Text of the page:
so that we may believe. 13 St. Gabriel the Archangel made known this great mystery of salvation
to us at the Incarnation!
Supra Oblata
May the Holy Spirit, O Lord, sanctify these gifts laid upon your altar, just as he filled with his power
the womb of the Blessed Virgin Mary. Through Christ our Lord.
This prayer dates back in use to the Fourth Century, France. Eventually, the prayer was
incorporated in the Roman liturgy, and it is found in various Sacramentaries, including the
“Bergomenese.”14 This prayer has as its center the womb of the Virgin Mary. The Latin uses the
word viscera, which refers to the entrails or inner organs of a person or animal, and its classical
use it also means "womb."15 Thus, the viscera of the Virgin Mary is a holy place prepared by God
himself to take on flesh and blood for the salvation of mankind.
The structure of this prayer has a parallel comparison of the work the Holy Spirit does to
the gifts on the altar and the work He did in the womb of the Virgin. In the former, the Holy Spirit
sanctifies the offerings; in the latter, the Holy Spirit "makes full the womb of Virgin." 16 In both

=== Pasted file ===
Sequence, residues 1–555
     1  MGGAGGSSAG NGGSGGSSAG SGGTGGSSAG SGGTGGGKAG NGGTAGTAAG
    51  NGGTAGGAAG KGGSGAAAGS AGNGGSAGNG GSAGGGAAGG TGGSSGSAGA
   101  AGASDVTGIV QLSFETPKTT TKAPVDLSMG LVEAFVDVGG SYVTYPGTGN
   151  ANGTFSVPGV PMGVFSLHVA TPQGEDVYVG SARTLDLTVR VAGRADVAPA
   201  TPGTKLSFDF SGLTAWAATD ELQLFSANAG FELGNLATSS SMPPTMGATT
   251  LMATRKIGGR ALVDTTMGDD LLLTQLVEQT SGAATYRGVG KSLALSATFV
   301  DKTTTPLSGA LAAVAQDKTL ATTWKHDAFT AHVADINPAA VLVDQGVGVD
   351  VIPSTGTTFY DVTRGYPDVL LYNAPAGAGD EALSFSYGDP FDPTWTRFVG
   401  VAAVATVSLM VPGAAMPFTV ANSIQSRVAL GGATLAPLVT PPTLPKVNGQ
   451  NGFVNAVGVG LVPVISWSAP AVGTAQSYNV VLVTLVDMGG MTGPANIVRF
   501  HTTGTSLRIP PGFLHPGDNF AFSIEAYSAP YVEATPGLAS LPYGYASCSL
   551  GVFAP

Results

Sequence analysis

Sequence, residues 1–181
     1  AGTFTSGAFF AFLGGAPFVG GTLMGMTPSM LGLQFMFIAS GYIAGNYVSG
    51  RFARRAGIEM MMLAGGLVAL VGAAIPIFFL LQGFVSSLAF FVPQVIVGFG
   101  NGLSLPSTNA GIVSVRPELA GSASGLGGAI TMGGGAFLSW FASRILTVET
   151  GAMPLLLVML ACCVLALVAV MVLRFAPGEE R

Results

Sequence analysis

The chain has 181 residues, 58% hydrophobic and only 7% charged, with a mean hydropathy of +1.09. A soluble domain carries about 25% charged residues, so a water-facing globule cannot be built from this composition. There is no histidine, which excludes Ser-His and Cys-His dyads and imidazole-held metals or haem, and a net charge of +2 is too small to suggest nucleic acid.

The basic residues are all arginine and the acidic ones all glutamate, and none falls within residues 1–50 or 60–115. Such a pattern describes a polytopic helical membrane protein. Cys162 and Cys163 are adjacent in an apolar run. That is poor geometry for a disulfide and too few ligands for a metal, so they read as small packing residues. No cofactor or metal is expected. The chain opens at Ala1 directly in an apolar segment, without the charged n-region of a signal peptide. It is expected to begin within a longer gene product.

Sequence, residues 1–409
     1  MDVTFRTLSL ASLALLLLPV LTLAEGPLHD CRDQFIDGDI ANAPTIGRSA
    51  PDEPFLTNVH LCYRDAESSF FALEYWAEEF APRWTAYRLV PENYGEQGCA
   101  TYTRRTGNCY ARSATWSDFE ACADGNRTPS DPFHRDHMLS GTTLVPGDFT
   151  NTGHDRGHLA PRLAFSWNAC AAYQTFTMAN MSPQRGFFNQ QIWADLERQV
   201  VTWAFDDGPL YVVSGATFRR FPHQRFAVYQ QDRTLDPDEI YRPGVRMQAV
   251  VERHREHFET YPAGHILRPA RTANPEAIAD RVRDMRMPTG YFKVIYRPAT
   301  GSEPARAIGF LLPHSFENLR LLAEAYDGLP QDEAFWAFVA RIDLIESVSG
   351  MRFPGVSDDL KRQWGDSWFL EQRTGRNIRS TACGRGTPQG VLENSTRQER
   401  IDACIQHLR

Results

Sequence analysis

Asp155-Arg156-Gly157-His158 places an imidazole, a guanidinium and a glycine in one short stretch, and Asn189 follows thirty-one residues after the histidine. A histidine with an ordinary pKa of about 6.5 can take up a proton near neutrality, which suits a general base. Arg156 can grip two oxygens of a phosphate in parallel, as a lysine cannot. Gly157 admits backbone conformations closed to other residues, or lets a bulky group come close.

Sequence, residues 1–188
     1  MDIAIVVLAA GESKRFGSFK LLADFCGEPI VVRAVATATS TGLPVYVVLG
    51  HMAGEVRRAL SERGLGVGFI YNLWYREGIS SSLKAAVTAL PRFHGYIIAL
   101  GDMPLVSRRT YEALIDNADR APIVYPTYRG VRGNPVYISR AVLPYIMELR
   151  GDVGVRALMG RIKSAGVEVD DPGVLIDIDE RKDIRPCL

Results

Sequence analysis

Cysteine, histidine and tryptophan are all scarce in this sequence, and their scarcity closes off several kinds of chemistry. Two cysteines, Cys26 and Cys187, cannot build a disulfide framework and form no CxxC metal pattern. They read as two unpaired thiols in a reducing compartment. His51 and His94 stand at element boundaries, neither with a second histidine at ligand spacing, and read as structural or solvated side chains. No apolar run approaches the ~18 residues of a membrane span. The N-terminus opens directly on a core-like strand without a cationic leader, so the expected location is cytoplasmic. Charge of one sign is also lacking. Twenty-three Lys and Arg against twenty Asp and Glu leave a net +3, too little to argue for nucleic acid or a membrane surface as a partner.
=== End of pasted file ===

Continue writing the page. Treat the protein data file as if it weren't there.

the English translation and the Latin text, the message is clear that the sanctification of the gifts
on the altar is possible because the Holy Spirit first filled the womb of the Virgin Mary with his
presence. Thus, the beautiful relation between the altar of sacrifice and the Virgin Mary. Here is
Fr. Z, ”Collects.”
”4th Sunday of Advent: SUPER OBLATA,” Fr. Z’s blog, accessed November 26, 2019,
the most sublime example of how the best gifts man can offer are taken up and sanctified by
God. The dynamics of Katabasis and Anabasis is at the core of this prayer.
A theological insight may be drawn from the participation of the priest in the Sacrifice of